Now let’s look at three notable companies that have opted to cut the dividend: PBF Energy, BP and Shell.
PBF has taken one of the more drastic responses to COVID-19 related impacts by reducing 2020 planned capital spending by 50% and suspending its quarterly dividend payments. The CAPEX cuts represent more than a $350 million reduction. Matt Lucey, PBF President, said during the most recent earnings call that, “We expect ’21 CAPEX to actually be significantly below what we expected 2020 to be. So, I would expect CAPEX in ’21 to be in the $500 million to $600 million range, which is $200 million below what we thought ’20 was going to be.” Beyond the cuts, PBF Energy posted a quarterly loss of $433 million compared to a profit of $191 million in 2Q 2019.
The cuts, in combination with assets sales (most notably five hydrogen plants), have put PBF in a much better position. As of July, liquidity was at $1.9 billion on an estimated $1.2 billion of cash.
BP recently announced a cut in the dividend from 10.5 cents to 5.25 cents per share, following the company’s reported $16.8 billion loss for 2Q 2020, compared to a $1.8 billion profit in 2Q 2019. The last time BP cut its dividend was in 2010 due to the aftermath of the Deepwater Horizon spill.
Similar to steps being taken by other companies, BP continues to cut CAPEX with a plan to decrease it by 25%. However, these cuts are expected to be in its core oil and gas business with upstream production expected to decline by 40% over the next decade. As they continue to progress their commitment to reinventing themselves as a low carbon clean energy company, the company is ramping up investments in this area from the current $500 million in CAPEX for low carbon activities to $5 billion over the next 10 years.
The sale of the upstream portion of BP’s Alaska business and the first payment from the sale of its petrochemicals business to INEOS provided $1.1 billion in proceeds which helped BP further increase liquidity. As part of the company’s shift to renewable energy, BP also announced an organizational redesign which will result in a reduction of around 10,000 jobs globally.
Based on the 2Q earnings call, BP intends to keep the dividend at its current level with no further reductions. Murray Auchincloss, CFO, had this to say in the call, “Our first priority is a resilient dividend of $0.0525 per ordinary share per quarter that we intend to remain fixed at this level.”
Lastly, Shell made industry-wide headlines in the first quarter after announcing it was cutting the dividend for the first time in more than 70 years. Most recently in the second quarter, the company reported a loss of $18.4 billion, compared with a profit of $3 billion in 2Q 2019. As expected, analysts were interested in how Shell views its dividend policy going forward following the major announcement last quarter.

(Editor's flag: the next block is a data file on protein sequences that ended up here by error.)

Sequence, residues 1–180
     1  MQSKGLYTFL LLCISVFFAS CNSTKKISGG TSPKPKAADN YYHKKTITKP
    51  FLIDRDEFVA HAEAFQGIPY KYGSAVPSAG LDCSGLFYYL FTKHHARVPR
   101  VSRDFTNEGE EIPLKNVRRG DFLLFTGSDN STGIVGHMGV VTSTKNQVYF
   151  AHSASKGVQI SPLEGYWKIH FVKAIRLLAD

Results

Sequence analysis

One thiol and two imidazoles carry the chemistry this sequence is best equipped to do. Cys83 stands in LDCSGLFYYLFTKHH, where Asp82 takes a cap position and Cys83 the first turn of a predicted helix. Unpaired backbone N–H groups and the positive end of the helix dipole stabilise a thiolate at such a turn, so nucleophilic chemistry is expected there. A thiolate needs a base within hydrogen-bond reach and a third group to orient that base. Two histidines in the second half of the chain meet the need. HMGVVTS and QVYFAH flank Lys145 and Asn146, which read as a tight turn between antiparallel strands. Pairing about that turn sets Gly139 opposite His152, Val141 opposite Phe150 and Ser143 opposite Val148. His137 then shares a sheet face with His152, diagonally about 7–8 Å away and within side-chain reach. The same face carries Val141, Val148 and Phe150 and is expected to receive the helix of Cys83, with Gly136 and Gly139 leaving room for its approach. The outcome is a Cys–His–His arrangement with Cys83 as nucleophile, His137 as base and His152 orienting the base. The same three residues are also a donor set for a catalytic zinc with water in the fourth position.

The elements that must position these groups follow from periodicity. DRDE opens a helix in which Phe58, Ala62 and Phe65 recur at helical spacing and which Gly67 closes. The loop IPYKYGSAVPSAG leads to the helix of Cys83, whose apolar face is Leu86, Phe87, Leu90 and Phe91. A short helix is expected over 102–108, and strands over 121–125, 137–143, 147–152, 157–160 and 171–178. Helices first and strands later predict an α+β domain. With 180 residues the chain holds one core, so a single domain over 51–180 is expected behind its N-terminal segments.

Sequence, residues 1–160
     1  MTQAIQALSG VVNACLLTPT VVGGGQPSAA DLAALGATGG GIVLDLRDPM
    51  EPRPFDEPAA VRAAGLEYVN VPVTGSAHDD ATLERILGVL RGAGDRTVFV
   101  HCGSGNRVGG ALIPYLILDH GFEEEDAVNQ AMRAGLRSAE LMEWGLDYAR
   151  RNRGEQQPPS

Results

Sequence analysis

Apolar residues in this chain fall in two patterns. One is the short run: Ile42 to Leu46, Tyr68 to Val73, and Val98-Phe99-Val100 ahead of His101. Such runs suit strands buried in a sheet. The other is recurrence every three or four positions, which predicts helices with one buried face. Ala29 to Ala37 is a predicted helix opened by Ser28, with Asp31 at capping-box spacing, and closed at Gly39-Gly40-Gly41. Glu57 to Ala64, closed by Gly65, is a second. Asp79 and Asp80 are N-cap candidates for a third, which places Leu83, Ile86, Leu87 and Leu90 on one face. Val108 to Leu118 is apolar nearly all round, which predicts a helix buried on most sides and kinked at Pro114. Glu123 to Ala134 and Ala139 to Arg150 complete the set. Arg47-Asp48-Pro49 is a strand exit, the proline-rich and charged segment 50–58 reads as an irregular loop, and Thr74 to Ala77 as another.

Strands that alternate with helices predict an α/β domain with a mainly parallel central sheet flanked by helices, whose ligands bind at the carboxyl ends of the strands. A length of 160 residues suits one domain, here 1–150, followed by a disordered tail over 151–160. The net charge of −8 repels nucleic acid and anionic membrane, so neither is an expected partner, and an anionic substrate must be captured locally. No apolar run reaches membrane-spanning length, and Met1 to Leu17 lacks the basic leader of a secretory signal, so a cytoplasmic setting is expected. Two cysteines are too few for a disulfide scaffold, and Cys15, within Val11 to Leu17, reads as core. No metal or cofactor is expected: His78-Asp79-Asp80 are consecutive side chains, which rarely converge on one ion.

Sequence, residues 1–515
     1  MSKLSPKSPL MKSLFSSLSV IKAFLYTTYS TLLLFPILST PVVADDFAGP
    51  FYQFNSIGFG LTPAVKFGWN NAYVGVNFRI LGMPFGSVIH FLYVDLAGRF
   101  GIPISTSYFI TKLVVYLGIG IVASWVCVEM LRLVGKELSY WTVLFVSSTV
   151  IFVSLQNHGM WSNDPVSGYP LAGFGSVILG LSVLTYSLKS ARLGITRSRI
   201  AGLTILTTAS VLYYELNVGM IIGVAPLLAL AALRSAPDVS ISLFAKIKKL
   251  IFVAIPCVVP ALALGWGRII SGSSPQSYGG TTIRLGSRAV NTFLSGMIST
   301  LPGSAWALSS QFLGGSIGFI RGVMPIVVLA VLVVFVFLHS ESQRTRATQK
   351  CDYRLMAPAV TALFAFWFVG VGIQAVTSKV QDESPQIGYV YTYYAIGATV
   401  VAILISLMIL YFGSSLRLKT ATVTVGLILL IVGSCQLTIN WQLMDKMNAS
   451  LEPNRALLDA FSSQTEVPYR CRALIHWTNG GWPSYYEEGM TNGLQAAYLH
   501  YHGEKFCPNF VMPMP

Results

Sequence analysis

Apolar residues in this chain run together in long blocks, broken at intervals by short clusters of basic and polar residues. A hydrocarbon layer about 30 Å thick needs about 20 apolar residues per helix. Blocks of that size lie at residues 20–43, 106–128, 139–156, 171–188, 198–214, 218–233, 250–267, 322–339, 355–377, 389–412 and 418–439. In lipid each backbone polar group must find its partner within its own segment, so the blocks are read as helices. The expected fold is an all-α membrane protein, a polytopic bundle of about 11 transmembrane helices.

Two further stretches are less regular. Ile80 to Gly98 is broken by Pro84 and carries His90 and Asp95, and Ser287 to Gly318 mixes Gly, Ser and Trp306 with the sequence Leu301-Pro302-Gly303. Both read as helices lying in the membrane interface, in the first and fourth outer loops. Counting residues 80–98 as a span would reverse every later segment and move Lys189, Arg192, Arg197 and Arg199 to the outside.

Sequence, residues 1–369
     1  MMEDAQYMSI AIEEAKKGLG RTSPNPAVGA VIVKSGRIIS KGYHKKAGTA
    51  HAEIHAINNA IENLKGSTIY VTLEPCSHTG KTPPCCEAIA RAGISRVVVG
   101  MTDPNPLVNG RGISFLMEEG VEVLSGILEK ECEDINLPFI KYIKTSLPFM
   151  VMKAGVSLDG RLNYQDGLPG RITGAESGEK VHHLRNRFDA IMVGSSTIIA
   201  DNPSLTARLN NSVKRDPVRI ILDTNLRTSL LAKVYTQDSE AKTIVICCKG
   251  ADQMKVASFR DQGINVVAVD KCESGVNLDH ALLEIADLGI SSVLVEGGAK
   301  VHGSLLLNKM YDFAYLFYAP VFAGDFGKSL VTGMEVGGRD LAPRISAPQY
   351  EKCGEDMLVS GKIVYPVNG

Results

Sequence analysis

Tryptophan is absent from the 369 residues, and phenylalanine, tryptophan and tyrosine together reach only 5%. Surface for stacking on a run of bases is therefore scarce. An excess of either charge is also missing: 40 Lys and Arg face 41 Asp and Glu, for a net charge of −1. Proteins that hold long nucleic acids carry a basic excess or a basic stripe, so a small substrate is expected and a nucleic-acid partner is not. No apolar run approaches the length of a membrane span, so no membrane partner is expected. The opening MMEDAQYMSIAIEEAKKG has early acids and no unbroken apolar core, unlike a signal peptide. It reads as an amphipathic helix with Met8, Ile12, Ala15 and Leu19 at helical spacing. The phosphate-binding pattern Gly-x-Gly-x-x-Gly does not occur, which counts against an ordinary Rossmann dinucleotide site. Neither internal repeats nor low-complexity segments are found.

Here is what CFO Jessica Uhl had to say about the new dividend policy in the most recent earnings call, “As things recover, at this moment in time, we think the progressive dividend is the right way to go. Of course, we can top that up with share buybacks, and I would expect that would be a feature as we have excess cash in terms of the nature of shareholder distributions going forward. But at this moment in time, I think right now, we see the value of stability and introducing a high degree of volatility around the dividend, particularly at this moment in time, didn’t look like the right choice for us, but we actively review it. And as the company changes, cash flow changes over the next five to 10 years, different models may be appropriate, and we’ll continue to actively consider it.”
As they free up cash flow and come out of the downturn, it will be interesting to see if they do start to bring the dividend back up or instead opt for increasing share buybacks.
Turner, Mason & Company will continue to closely monitor developments related to the COVID-19 pandemic, the progress made by states and countries to reopen their economies, crude and refined product supply/demand dynamics, and all other events that could impact the various segments of the oil industry. We will continue to comment on our changing views on all these issues in upcoming blogs over the next several weeks and incorporating our updated market forecasts into the next edition of our Crude & Refined Products Outlook which will be published to clients later this week. If you would like more information on this publication or for any specific consulting engagements with which we may be able to assist, please visit our website: www.turnermason.com and send us a note under ‘Contact’ or give us a call at 214-754-0898.